Marks Daily Apple
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27 Nov

How Safe Is Our Food?

Big Agra has gotten us into an interesting (and sickening) predicament. In light of a solid year of squeamish food poisoning issues, there are clearly some chinks in the armor of food safety. But is it really the government’s role to step in and regulate food safety further? Unfortunately, regulation tends to harm the good guys – raw almonds today, organic spinach yesterday, dairy for far too long now – and effectively underwrite large corporate agricultural interests. And yet. And yet. Currently, testing outfits that monitor food safety so our beef, lettuce, eggs and chicken are ostensibly edible are paid for by the very agricultural interests they test. In other words, it’s a recipe for corruption. While labs may be impartial, the results they gather when testing at-risk foods (such as meat and imported goods) are given over to the company and it’s on the company to report anything to the FDA. That is, the labs don’t have a way to send results directly to a presumably – and I realize the generosity of this idea – impartial guardian of public health. If one lab doesn’t “find” the “right” results, it’s fairly easy for the food company to find another, more affable laboratory. Still, I’m not sure that introducing increased FDA regulation or oversight is the solution here. But since I can’t even keep up with all the burgers that have been recalled since the summer, I feel compelled to ask you:

What do we do?

Osi Flickr Photo (CC)

Further Reading:

Would Grok Chow the Cheese Plate?

My Beef with Grains

What I Eat in a Day

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  1. I would agree that government intervention/regulation usually ends up being (pick your own description) corrupt. Though the best option, all things equal, would be for people (free market) to stop buying stuff from the companies that don’t use safe practices, growing, etc. That would get the companies to change quickly. The problem is things are not equal and people don’t know the real risks involved. You can pick why they’re not equal. A good start would be government subsidies. Lobbyists would probably be better since they got the subsidies in the first part. I think it would basically take a big reformation of the government to be able to fix it their side.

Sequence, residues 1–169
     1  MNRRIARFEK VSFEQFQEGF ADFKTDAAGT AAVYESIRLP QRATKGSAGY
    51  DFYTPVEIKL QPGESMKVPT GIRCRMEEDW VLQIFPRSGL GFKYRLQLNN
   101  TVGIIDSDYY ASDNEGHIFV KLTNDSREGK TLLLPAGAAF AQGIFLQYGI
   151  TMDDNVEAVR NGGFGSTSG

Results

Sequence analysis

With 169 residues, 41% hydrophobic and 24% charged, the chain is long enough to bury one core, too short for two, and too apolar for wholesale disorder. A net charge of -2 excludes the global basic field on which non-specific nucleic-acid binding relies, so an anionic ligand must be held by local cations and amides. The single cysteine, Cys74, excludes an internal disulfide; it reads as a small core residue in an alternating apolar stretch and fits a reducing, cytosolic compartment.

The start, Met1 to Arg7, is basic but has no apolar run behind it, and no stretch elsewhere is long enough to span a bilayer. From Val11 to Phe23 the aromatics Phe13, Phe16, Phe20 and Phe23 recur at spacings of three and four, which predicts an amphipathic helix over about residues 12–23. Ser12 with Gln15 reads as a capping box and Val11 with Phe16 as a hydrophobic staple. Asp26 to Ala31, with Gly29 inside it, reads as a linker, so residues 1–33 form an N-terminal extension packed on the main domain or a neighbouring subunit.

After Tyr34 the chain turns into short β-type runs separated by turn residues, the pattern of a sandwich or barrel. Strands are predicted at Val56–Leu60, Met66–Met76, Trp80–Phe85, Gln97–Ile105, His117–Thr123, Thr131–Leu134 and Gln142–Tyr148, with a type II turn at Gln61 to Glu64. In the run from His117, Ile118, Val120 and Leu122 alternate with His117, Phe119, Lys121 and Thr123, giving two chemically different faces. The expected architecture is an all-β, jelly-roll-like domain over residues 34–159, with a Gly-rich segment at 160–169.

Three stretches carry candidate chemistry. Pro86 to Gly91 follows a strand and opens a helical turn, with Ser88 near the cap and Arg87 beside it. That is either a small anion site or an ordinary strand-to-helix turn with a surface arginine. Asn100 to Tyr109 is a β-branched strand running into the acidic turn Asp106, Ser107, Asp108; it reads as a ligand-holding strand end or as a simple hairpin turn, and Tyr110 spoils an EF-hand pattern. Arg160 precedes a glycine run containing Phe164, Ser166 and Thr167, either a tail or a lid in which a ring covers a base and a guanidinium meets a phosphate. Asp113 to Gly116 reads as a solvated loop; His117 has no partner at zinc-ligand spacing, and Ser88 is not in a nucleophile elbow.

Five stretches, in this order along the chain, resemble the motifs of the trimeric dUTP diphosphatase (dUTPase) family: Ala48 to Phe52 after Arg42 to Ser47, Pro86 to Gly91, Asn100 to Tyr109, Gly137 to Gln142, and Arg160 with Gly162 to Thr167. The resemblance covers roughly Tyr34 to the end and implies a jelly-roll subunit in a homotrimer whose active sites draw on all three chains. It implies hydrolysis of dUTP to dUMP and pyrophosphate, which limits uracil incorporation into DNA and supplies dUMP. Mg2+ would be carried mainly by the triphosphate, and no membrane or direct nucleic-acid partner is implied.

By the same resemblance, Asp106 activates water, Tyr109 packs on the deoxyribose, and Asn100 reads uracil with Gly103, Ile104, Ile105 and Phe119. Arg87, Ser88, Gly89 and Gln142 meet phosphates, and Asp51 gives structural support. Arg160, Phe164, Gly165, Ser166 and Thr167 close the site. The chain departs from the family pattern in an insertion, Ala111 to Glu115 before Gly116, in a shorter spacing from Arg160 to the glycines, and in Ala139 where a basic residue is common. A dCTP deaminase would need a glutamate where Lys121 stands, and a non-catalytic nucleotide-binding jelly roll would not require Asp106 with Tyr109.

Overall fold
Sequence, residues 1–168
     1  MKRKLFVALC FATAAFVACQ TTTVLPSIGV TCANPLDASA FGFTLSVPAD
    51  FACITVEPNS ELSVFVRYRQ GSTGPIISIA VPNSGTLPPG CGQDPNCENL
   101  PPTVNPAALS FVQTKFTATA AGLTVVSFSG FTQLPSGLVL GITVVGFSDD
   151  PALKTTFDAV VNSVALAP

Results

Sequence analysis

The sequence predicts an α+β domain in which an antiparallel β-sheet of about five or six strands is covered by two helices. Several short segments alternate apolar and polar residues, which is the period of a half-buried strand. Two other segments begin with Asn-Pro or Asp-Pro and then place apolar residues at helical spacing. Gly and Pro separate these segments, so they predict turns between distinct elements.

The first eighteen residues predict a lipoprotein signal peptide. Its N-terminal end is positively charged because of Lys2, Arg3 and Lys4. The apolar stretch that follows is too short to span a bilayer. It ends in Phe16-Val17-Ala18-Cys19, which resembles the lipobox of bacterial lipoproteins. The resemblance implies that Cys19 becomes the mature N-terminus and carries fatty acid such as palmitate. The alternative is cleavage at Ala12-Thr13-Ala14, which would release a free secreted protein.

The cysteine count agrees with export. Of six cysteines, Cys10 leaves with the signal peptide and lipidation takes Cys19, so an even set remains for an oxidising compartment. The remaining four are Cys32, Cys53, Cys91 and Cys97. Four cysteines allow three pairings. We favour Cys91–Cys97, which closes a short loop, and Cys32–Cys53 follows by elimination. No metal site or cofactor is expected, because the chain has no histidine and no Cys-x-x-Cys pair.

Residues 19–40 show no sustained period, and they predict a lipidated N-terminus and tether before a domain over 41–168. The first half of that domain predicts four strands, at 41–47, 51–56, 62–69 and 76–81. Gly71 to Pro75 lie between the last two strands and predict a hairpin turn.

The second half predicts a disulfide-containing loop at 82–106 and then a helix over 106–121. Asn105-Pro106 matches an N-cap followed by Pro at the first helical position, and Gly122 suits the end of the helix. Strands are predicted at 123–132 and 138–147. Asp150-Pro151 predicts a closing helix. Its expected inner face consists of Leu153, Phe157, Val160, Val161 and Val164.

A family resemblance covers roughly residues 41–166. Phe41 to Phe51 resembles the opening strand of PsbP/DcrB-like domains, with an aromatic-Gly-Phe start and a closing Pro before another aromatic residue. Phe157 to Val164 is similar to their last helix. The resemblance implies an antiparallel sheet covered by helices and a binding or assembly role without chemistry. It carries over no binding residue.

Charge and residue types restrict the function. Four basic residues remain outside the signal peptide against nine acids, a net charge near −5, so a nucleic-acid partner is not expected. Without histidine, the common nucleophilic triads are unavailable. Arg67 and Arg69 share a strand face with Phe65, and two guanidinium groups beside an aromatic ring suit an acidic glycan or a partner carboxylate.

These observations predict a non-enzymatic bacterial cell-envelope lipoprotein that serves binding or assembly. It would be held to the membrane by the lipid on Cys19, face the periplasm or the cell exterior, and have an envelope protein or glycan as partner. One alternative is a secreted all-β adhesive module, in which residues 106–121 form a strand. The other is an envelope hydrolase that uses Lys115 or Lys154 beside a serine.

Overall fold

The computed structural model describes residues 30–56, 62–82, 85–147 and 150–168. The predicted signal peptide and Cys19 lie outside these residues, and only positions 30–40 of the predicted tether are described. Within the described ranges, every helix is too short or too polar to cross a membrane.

I know its going to sound bad but I think that only a big contamination/whatever with a lot of people getting sick/dying might be enough to effect some meaningful change. Maybe many small ones in a short period of time. Americans have a short memory and a shorter view of things that effect their health (readers of this blog withstanding). I hope it could happen another way, but I remain doubtful. Not sure the corn/livestock associations would ever let livestock go back to being grassfed and pastured where the infections such as E. coli are much less likely.

    Joe Matasic wrote on November 28th, 2007
  2. Spot on comments, Joe. Although I’m not sure even a big catastrophe is enough to effect change (Katrina comes to mind). Hate to be cynical, though.

    Mark Sisson wrote on November 28th, 2007

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